Couple of name sightings I had to share

Working on name lists at work, I see lots of, um, interesting names, but today two stuck out so much that I just had to share. These are adults, or at least college-age. I'm guessing they're both female, but I don't have definitive gender information.




December 19, 2018 8:00 PM

Honeybee is kinda sweet (no pun intended). I can see it in families who like nature names. Fightress is interesting. It does challenge the usual trend of saving powerful names for boys... (That -ess ending must be on a female, right?)

December 20, 2018 11:17 AM

"That -ess ending must be on a female, right?" One sincerely hopes so, but in this day and age?

December 20, 2018 3:09 PM

Other female -ess names with their years of debut:
1895 - Princess. 1914 - Countess, Wintress. 1957 - Goddess. 1964- Duchess and Dutchess. 1985- Tempess. 1989 - Empress. 

But it's not an infrequent male name element either.  Interesting longstanding male -ess names in other categories include Printess (I'm guessing this might be a variant of Prentiss?), Fentress (which appears to be a surname as well), and Tyress (a spinoff of Tyrone like Tyrese?). Others involve the -less construction (Peerless, Carless, Loveless, Lawless, Bayless, Harless -- yes, those all make it into the SSA data). Some are legitimately masculine titles (Marquess, which is a male title for someone ranking between a duke and an earl, both of which are used as male given names in a longstanding way as well), some are words (Press, Congress, Guess, Bless, Access, Success).

Point is, while -ess names skew female, they don't always... and that's been the case for a while, not just in this day and age.

December 22, 2018 7:19 PM

It's not just the -ess, but the fact that there is a masculine/neutral version in Fighter. Fightress feels like an intentional attempt to feminize.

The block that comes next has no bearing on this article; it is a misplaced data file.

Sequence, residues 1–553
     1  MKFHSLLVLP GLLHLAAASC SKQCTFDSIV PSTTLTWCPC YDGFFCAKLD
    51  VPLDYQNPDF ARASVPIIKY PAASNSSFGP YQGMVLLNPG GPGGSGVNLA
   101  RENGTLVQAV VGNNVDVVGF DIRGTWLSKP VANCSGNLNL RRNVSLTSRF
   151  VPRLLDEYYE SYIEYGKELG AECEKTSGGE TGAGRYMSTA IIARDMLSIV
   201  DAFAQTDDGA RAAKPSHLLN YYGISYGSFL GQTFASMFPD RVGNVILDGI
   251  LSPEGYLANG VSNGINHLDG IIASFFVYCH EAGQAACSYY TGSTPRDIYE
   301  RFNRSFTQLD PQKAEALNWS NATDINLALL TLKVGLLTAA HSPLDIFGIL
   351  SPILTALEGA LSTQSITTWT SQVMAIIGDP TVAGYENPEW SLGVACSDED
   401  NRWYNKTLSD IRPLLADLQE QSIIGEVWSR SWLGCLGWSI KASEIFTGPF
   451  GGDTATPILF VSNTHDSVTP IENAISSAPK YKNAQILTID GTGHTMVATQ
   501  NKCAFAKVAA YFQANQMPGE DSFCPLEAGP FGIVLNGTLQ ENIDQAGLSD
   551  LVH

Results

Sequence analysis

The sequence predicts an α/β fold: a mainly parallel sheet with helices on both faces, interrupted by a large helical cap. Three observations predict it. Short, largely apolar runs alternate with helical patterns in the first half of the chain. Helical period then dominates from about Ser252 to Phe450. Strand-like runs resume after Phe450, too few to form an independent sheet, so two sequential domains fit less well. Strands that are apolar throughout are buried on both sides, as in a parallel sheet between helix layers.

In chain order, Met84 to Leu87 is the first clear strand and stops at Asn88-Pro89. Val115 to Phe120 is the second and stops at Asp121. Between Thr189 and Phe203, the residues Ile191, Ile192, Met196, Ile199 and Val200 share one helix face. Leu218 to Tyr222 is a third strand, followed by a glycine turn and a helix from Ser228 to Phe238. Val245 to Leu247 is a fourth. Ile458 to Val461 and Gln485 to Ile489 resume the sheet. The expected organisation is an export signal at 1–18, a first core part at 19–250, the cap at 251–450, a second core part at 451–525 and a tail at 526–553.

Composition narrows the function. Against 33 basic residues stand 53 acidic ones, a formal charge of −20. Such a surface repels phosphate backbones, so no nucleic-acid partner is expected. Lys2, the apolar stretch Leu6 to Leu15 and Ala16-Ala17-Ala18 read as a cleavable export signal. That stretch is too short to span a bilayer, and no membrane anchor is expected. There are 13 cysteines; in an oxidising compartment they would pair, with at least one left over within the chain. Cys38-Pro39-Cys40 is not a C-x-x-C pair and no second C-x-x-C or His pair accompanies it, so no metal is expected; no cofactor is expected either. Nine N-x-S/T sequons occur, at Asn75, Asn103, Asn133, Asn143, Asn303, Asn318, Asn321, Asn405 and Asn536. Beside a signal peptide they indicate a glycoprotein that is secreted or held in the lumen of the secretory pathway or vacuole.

December 26, 2018 5:15 PM


December 28, 2018 8:58 PM

Oh my. I misread that as Careless (how careless of me!).

Also, Loveless? Hoping some of them changed their names to Lovemore. 

December 29, 2018 1:54 PM

Or at least Lovelace!

By EVie
December 30, 2018 3:30 PM

Loveless at least is probably a transferred surname—from the Dictionary of American Family Names: 

nickname from Middle English loveles ‘loveless’, ‘without love’, probably in the sense ‘fancy free’. some early examples, such as Richard Lovelas (Kent 1344), may have as their second element Middle English las(se) ‘girl’, ‘maiden’.

And Lovelace is actually just a variant of the same name:

English: variant of Loveless. The spelling is apparently the result of folk etymology, which understood the word as a nickname for a dandy fond of lace. The modern sense of this word is, however, not attested until the 16th century and at the time of surname formation it meant only ‘cord’ or ‘shoelace’. 

Lawless too:

Scottish, Irish, and English: nickname for an unbridled and licentious man, from Middle English laghless, lawelas (a compound of late Old English lagu ‘law’ (from Old Norse) + the native suffix -l(e)as ‘without’, ‘lacking’). Reaney suggests additionally that this name may have referred to an outlaw (i.e. one from whom the protection of the law had been withdrawn), but this seems unlikely.

December 31, 2018 11:15 PM

Thanks EVie! Surnames really are fascinating.

But it still feels a tad harsh as a first name. I do hope their lives were filled with love, because we could use a little more love in this world for 2019. 

By EVie
January 2, 2019 11:26 PM

I wouldn't want it as my surname, either, for that matter! I feel you'd have to be *very* attached to your family to pass that on as a given name to your kids. There are quite a lot of English surnames in the "inherited nickname" category that are pretty unfortunate, one day I'll have to dig into my notes and make a list.

December 20, 2018 12:29 AM

Those are both great finds! I can't say that I would want them to be my name, but I'm delighted to read about them here. Honeybee sounds like a name in a fantasy novel.

January 4, 2019 5:31 PM

I agree that these are not surnames I would like to have... what boggles my mind is that other people felt not just that they should be bestowed as surnames to continue family tradition, but made the transfer to use them in the given name slot!